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#11a.     The Geiger Counter

  (Files in red–history)


9. Magnetic trapping

    9H. Poincaré, 1896

10. Trapped Motion

    10H. Einstein, 1910

10a. Particle Drift

11. Explorers 1/3

  11a. Geiger Counter

12. Rad. Belts

    12H. Argus 1958

12a. Inner Belt

12b. Outer Belt

13. Fast Particles

14. Synch. Orbit

15. Energy

        As noted in the section on plasmas, gases conduct electricity only when some of their atoms are ionized, i.e. are split up into free electrons and ions. Fast electrons and ions emitted by radioactive materials do ionize atoms with which they collide, and Hans Geiger, an associate of Rutherford (ions, history) used this property to invent a sensitive detector for such particles.

    A Geiger Counter
        A "Geiger counter" usually contains a metal tube with a thin metal wire along its middle, the space in between them sealed off and filled with a suitable gas, and with the wire at about +1000 volts relative to the tube.

        An ion or electron penetrating the tube (or an electron knocked out of the wall by X-rays or gamma rays) tears electrons off atoms in the gas, and because of the high positive voltage of the central wire, those electrons are then attracted to it. In doing so they gain energy, collide with atoms and release more electrons, until the process snowballs into an "avalanche" which produces an easily detectable pulse of current. With a suitable filling gas, the flow of electricity stops by itself, or else the electrical circuitry can help stop it.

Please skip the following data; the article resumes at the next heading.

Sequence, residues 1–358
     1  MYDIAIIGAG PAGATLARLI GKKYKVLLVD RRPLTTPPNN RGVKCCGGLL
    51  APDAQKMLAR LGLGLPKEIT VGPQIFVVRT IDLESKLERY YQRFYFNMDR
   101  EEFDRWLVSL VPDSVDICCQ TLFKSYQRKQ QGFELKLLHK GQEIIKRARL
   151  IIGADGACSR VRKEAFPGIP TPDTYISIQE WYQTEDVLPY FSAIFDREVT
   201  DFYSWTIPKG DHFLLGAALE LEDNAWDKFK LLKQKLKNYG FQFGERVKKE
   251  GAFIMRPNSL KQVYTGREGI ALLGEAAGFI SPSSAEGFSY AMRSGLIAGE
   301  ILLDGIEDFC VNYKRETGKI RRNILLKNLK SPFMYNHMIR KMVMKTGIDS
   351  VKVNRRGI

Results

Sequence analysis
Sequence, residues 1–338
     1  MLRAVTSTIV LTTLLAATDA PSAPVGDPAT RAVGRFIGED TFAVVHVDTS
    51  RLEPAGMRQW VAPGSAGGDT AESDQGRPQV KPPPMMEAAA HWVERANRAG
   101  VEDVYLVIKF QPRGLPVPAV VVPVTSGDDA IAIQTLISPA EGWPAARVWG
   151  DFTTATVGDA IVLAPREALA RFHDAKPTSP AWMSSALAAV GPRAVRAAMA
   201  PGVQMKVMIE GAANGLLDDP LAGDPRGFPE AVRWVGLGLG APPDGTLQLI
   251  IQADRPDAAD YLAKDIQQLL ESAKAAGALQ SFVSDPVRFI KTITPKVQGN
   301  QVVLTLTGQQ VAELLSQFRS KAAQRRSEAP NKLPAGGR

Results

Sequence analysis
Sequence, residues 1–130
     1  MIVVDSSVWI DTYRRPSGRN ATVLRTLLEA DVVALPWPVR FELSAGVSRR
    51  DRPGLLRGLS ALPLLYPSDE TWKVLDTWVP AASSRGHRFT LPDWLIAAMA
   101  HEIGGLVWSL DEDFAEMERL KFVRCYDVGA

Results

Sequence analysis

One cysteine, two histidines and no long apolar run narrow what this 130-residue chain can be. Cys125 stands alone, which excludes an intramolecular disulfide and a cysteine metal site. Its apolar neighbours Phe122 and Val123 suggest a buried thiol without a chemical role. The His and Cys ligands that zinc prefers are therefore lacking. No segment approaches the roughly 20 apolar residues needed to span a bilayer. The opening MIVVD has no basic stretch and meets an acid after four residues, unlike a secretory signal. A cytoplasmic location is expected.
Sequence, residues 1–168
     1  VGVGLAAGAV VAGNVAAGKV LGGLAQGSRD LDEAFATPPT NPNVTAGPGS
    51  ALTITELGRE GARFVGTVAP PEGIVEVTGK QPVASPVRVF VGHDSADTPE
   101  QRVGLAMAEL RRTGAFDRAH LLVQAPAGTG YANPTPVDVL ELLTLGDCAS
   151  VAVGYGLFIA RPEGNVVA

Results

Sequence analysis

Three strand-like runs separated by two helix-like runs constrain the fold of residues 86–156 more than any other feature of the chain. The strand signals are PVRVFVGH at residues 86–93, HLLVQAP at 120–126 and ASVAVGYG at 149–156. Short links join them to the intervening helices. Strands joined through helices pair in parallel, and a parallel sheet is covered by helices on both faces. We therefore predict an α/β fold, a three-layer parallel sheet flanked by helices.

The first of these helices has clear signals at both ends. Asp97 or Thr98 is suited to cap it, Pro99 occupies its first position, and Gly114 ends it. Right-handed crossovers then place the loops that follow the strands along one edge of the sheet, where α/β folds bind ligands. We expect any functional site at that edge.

The instrument was called a "counter" because every particle passing it produced an identical pulse, allowing particles to be counted (usually electronically) but not telling anything about their identity or energy (except that they must have sufficient energy to penetrate the walls of the counter). Van Allen's counters were made of thin metal, with insulating plugs at the ends.

Questions from Users:
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                  ***     Geiger counters for locating lost objects
                        ***     Geiger Counters (1)     (Followed by Geiger Counters (2)

Last updated 25 November 2001
Re-formatted 3-11-2006